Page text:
Controversial ANC secretary-general and Free State Premier Ace Magashule is implicated in a property deal with the Free State Development Corporation (FDC) that saw his long-lost daughter score R9-million for doing nothing.
A News24 investigation shows that 27-year-old Thoko Alice Malembe, Magashule's estranged daughter with whom he was reunited in 2011, scored a contentious property deal with the FDC, a government entity whose chairperson is said to be a long-time ally of Magashule.
Malembe was born shortly after Magashule went into exile in the late 1980s and was reunited with the premier in 2011, partly thanks to the intervention of ANC president Cyril Ramaphosa.
Neither Magashule or Ramaphosa have denied the story about Malembe's reunion with the premier.
Since this reintroduction, the young businesswoman's fortunes have improved drastically, largely due to a string of government tenders and property deals she secured from the provincial government under Magashule's control.
In one of the most troubling deals, Magashule himself allegedly helped ensure that properties owned by the FDC ended up in his daughter's hands. A concurrent R11m "upfront" rental agreement with petroleum giant Shell helped Malembe to purchase one of these properties from the FDC while allowing her to pocket a further R9m without so much as lifting a finger.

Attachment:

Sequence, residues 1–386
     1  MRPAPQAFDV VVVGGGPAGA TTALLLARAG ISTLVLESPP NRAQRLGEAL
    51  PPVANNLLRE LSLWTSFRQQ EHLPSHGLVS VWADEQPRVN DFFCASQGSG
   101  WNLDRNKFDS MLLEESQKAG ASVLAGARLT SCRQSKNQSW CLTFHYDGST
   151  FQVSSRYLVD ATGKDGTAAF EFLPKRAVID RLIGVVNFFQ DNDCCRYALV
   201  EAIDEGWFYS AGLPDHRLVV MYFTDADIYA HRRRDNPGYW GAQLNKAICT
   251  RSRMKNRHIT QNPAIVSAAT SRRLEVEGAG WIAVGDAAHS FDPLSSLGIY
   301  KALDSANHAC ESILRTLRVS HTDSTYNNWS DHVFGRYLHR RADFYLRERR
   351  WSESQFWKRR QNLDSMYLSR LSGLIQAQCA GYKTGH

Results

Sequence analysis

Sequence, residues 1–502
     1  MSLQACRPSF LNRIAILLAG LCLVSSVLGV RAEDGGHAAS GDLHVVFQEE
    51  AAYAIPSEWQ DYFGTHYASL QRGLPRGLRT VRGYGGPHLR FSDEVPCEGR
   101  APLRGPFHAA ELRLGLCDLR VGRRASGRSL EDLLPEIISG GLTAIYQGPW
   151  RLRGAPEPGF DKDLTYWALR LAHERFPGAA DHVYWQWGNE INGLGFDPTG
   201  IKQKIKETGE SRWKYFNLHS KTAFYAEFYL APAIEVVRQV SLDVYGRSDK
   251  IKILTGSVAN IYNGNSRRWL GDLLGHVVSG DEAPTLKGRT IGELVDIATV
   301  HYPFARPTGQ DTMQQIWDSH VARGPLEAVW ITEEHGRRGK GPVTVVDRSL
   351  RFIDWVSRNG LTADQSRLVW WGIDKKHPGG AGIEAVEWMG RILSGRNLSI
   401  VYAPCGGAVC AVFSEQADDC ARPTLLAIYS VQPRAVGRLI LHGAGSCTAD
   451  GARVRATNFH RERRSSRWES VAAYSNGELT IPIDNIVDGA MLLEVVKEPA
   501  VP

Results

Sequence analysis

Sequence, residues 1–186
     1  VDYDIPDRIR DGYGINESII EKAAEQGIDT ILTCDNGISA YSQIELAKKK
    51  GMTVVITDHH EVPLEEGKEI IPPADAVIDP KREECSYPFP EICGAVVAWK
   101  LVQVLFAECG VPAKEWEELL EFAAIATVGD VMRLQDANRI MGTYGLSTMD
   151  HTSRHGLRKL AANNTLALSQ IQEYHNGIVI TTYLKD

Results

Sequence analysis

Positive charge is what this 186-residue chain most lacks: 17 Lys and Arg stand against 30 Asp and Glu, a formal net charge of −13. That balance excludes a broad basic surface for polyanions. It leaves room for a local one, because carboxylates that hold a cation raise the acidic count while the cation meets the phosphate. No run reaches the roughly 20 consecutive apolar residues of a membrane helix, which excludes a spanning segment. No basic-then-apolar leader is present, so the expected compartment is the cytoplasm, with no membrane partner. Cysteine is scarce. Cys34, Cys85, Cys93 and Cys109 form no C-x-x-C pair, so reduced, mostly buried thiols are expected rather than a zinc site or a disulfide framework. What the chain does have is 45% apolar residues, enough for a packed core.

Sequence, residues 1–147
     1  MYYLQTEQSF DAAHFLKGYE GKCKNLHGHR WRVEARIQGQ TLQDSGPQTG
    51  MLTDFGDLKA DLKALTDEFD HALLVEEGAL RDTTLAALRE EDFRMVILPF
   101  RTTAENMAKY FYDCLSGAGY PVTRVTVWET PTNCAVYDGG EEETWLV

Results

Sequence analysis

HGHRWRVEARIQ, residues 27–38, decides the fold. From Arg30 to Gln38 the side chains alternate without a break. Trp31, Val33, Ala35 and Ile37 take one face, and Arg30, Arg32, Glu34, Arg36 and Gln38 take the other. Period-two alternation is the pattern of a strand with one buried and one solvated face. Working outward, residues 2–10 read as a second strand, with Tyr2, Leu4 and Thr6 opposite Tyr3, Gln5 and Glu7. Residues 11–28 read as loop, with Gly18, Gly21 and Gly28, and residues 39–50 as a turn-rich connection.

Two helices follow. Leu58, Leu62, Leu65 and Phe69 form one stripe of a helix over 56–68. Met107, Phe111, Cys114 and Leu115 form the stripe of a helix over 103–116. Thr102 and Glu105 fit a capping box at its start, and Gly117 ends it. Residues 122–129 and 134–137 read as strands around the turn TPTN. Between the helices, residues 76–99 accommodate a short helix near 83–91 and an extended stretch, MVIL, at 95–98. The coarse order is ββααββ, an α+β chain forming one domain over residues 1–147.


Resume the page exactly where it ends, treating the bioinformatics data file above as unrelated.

As a result of the latter property deal, a once thriving fuel station was forced to shut down, leaving more than 60 employees in the rural town of Phuthaditjhaba in the eastern Free State without jobs.
Video footage from security cameras shows Magashule and a group of men, including two FDC board members, inspecting this property in 2014. They were joined by a young woman who appears to be Malembe.
Malembe also happens to be a business associate of Hantsi Matseke, the FDC's chairperson and a long-time ally of Magashule. Malembe's and Matseke's respective companies have both greatly benefited from government contracts in the Free State and have worked together on some of these projects.
After Magashule's visit to the fuel station, Malembe's trust won a contentious FDC bid to become the property's new owner. Fuel giant Shell subsequently signed a R11.5m lease agreement with Malembe. A portion of this upfront lease payment was used by Malembe's trust to buy the property from the FDC.
Magashule has denied that he influenced the FDC property deal or any contracts awarded to Malembe's company.